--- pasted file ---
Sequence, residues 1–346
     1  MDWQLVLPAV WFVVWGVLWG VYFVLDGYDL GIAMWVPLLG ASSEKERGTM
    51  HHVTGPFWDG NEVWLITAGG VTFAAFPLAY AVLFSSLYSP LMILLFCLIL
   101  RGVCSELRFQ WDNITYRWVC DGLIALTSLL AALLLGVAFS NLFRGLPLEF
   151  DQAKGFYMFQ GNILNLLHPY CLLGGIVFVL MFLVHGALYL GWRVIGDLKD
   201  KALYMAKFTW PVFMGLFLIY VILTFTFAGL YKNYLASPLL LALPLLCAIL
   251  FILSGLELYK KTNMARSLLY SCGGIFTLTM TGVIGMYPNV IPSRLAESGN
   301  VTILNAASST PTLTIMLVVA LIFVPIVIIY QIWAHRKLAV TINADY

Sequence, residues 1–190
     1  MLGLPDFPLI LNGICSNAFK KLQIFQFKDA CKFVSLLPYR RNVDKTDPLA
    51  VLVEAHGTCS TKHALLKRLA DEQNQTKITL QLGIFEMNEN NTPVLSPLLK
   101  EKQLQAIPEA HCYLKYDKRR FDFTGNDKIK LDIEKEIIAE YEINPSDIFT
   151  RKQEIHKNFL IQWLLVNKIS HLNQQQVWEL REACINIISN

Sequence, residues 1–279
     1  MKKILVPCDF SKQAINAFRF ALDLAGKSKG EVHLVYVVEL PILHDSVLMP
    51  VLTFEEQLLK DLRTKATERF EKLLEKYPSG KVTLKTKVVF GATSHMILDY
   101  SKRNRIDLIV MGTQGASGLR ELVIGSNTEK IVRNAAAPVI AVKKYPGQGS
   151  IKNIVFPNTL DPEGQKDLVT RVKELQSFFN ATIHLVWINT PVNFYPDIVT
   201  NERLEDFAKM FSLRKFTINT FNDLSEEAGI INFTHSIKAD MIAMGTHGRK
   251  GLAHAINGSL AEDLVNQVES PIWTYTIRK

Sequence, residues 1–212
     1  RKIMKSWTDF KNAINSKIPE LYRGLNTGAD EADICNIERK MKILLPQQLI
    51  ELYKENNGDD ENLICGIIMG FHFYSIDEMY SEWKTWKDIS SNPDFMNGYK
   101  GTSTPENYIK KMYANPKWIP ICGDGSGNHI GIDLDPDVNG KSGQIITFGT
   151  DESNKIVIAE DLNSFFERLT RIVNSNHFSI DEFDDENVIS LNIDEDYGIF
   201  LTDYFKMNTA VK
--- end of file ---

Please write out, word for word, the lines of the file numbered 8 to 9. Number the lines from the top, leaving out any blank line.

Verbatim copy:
   301  VTILNAASST PTLTIMLVVA LIFVPIVIIY QIWAHRKLAV TINADY

Sequence, residues 1–190